“I’m active in all the sports and things my daughter participates in, as well as in my husbands activities,” said Lozoya.

She is a volunteer fireman’s wife and enjoys helping out with their activities as well as with the Old Timer’s baseball team and other sports.

Ybarra was a former Pecos resident who recently moved back to town.

“I’ve always been in business and instead of just sitting around, I decided I wanted to do something,” said Ybarra, who is widowed. “I thought it would be hard to study and get my license, but it wasn’t,” she said.

She and her family moved to El Paso in 1987, and then lived in Austin for 7 years, where she worked for Seton Health Care as an executive administrative assistant for five years before retiring. In her spare time she enjoys flower arranging and sewing.

“I totally support the Main Street Program, I truly believe that is something we need,” said Ybarra. “I plan to become active in the community and help where I can.”

Ybarra said that the two women together had outlined an agreement and designed their mission.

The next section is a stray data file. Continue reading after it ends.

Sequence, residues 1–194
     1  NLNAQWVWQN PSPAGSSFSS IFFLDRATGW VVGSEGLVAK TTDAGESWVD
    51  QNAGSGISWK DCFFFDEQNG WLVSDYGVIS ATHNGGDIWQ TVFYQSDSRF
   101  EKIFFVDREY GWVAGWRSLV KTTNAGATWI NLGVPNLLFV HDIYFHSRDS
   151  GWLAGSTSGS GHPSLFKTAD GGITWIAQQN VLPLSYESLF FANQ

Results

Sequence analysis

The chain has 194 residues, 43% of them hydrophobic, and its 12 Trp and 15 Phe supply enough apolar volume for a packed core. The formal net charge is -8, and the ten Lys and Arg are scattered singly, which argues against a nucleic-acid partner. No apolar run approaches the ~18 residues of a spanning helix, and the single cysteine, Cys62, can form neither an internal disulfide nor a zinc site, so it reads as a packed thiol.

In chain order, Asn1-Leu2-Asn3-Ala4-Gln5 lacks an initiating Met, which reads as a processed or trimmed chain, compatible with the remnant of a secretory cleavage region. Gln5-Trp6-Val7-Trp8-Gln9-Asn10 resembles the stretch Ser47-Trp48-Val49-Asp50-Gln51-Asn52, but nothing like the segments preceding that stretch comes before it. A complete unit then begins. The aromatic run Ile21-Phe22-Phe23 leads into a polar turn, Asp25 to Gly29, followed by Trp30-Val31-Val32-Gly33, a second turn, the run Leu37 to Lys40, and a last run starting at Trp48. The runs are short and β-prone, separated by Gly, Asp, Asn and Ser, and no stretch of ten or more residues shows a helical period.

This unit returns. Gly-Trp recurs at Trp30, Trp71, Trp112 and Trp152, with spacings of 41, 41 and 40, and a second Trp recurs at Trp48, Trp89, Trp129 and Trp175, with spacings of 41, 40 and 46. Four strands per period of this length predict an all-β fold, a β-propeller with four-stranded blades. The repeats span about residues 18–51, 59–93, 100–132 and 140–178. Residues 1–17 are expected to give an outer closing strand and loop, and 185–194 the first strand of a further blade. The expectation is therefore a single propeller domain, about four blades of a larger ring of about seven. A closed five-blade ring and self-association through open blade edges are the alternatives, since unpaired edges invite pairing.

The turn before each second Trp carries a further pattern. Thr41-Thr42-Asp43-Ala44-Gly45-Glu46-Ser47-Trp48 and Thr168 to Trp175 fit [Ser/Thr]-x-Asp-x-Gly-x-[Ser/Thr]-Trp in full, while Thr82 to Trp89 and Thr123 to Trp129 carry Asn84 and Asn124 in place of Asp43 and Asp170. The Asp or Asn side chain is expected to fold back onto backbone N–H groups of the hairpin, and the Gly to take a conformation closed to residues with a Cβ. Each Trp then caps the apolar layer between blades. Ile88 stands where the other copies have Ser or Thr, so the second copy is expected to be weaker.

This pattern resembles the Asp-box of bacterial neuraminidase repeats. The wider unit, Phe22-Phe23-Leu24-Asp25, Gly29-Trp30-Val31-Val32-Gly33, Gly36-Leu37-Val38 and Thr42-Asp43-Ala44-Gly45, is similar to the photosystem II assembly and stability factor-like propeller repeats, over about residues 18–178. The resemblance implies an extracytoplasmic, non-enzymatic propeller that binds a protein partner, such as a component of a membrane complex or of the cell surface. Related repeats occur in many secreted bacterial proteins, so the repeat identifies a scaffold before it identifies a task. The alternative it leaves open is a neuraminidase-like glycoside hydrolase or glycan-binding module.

“Our mission is to help people manage the risks of everyday life, recover from the unexpected, and realize their dreams by linking them with companies that can best serve their insurance needs,” said Ybarra. “Our agency’s plan of success is built on a foundation of shared values - quality service and good, friendly relationships, mutual trust, integrity and financial strength.

“Our vision for the future is to be the customer’s first and best choice of insurance products and services we provide by offering our customers a choice in diverse companies that they can better choose and that can offer and provide the quality coverage they are looking for,” said Lozoya. “We still strive to become the leader in the insurance industry in our area by first providing our customers with the knowledge that their property and loved ones are fully protected,” she said.

The office is open from 9 a.m. until 5 p.m., Monday through Friday.

They are already members of the Pecos Area Chamber of Commerce and plan to be active in the community.